I recently got stuck in a traffic court department during a traffic ticket trial session. I didn’t want to be there, but I could not help it. I needed the judge to sign off on a warrant recall. The judge knew what I wanted, and I knew what he wanted. He wanted me to wait until the infraction trials were done.
|Wait I did. I waited through 5 horribly discombobulated traffic court trials where everyday people tried to ask police officers questions, but really got nowhere at all. In fact, they got “housed” by the cops – which in my world means “Sent Home Crying”.|
Yes, you can ask a police officer questions in a Traffic Ticket Trial. It is your right to cross examine witnesses against you, and a cop is a witness against you. (5th & 14th Amendment to the US Constitution)
I thought to myself “these people have no idea what they are doing”. And I fondly remembered one of my first days working at the Public Defender’s Office when my boss, the brilliantly talented Defense Attorney, Ed Chun, called me into his office and taught me how to “Cross Examine” a cop on the witness stand. Then later that day in 1997, I went to court and did it for the first time.
Hello! It dawned on me. Maybe this sitting in traffic court is not a waste of time! Maybe I can write a blog article on How to Ask Police Officers Questions in court – and maybe make some $$$ on the Google Ads??? Yes. A Blog Article.
So here it is: Criminal Defense Attorney Tips on How to Ask Cops Questions. From a real trial attorney who has done it before the right way. And yes, it is free.
1) Know the Incident Scene Better than the Officer.
Attorneys call it a “Site Inspection”. You must go to the scene of the incident prior to the hearing and look at everything. Is there a cross walk? What kind of bushes are there? What do the lights look like? What kind of lines are painted around the area? How is the lighting? What are the traffic patterns? What do the signs say?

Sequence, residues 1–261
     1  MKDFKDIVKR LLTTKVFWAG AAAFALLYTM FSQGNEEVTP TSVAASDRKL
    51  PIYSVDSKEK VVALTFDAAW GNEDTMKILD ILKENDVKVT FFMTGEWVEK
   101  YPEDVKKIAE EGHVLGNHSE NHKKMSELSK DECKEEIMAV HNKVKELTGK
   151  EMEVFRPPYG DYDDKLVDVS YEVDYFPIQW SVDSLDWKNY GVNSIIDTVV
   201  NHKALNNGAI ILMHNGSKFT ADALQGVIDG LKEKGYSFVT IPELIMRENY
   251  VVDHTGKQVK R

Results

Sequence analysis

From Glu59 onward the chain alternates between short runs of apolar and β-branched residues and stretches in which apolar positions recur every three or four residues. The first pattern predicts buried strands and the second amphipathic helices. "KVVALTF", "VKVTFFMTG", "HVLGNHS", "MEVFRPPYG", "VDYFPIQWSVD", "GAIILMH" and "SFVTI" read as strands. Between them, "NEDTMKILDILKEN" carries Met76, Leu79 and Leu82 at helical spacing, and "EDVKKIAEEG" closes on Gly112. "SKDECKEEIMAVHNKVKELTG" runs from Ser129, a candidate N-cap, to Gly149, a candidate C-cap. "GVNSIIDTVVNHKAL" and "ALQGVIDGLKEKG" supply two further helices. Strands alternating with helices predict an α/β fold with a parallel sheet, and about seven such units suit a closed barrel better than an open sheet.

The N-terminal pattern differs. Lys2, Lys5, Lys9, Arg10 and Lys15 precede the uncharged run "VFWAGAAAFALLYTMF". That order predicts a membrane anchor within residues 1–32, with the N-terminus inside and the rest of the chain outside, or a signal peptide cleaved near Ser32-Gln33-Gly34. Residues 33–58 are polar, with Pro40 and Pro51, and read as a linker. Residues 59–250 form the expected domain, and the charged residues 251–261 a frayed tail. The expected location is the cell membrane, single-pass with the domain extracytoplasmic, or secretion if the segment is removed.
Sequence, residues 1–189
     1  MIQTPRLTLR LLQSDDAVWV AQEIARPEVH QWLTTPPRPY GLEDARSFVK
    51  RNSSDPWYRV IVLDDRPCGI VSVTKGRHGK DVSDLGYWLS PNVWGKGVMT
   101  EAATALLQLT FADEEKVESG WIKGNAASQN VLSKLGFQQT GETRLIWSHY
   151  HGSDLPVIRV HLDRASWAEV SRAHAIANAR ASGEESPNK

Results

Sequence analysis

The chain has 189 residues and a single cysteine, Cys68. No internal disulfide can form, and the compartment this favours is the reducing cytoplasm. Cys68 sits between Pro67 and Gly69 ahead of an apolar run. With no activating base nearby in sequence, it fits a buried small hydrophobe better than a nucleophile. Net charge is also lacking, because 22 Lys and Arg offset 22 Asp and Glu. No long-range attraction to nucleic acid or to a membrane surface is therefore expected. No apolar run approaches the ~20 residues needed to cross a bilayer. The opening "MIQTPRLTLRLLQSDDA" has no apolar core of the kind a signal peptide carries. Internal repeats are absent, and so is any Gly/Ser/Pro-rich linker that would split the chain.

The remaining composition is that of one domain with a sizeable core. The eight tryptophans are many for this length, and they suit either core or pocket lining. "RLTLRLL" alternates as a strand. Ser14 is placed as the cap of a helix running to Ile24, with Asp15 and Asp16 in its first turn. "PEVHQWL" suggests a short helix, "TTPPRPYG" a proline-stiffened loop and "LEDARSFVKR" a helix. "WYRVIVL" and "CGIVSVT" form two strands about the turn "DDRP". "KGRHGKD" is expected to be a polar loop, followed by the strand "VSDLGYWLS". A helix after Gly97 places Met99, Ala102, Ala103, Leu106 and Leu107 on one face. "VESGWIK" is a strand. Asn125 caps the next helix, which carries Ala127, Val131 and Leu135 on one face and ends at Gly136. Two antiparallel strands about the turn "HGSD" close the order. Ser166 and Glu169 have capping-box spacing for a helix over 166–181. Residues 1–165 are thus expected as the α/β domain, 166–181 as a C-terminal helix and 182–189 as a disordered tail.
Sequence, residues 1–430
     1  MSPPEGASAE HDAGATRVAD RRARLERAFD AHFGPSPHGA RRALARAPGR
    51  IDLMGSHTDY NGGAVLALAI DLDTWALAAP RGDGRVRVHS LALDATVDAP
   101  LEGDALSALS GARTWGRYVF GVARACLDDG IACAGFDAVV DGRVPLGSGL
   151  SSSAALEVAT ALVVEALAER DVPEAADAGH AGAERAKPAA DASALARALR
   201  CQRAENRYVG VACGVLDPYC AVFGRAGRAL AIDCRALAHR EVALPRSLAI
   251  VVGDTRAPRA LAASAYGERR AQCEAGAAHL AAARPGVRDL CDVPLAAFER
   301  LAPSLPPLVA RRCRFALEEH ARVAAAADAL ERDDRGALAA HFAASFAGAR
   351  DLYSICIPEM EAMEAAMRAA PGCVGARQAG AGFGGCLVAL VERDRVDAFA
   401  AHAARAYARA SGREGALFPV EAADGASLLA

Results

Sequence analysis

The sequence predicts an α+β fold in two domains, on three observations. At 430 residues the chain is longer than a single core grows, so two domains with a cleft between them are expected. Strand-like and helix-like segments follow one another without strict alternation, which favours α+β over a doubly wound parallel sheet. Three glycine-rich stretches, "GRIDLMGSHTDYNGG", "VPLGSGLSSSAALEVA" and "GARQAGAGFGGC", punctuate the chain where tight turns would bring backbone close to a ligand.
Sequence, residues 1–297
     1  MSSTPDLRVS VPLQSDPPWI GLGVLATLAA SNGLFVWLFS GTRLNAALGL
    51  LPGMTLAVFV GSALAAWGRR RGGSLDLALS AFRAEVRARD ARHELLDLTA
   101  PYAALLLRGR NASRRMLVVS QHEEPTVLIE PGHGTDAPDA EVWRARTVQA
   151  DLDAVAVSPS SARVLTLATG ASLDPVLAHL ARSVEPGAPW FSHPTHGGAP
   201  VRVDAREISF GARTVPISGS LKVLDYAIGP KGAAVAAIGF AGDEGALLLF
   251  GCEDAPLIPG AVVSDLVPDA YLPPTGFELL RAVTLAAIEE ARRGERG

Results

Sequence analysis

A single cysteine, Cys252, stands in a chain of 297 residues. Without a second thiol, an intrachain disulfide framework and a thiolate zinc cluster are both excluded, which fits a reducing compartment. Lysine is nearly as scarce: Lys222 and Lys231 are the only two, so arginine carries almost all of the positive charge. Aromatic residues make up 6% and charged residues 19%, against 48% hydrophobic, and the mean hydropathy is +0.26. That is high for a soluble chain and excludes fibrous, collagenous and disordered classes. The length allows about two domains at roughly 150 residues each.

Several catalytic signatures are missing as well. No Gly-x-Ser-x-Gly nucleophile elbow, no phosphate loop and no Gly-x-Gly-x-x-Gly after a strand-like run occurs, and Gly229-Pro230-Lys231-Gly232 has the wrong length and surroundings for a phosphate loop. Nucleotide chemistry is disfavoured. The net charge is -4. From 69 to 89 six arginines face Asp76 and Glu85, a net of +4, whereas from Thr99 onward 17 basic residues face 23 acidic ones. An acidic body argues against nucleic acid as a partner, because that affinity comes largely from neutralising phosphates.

If you know the scene better than the officer, you can lead with one or two questions about details that he may not remember, and put him/her on edge to start with. Catch them unprepared to start.
2) Never Ask a Police Officer “WHY” He/She Did Something.
If you ask a cop the dreaded “Why” question, you are giving the officer a free shot to explain anything they want to. And they have been to court more than you. They know what the judge wants to hear. If you let a cop start talking in court on his/her own, you are going to lose.
3) Ask Short, Closed Ended Questions.
Every single question you ask should be a “Yes” or “No” only question. And they should be as short as possible. Do not let the police officer talk on his/her own. Do not allow the officer to say anything other than “Yes” or “No” in response to your question. Use the “yes” or “No” answers to justify your argument about what happened. That is all you want. Yes, or No.
If a police officer refuses to give you a “Yes” or “No” to a Y/N question, you can use my trick: Immediately after the officer starts saying anything other than Yes or No, ask the exact same question over again. Over and over until you get a responsive answer.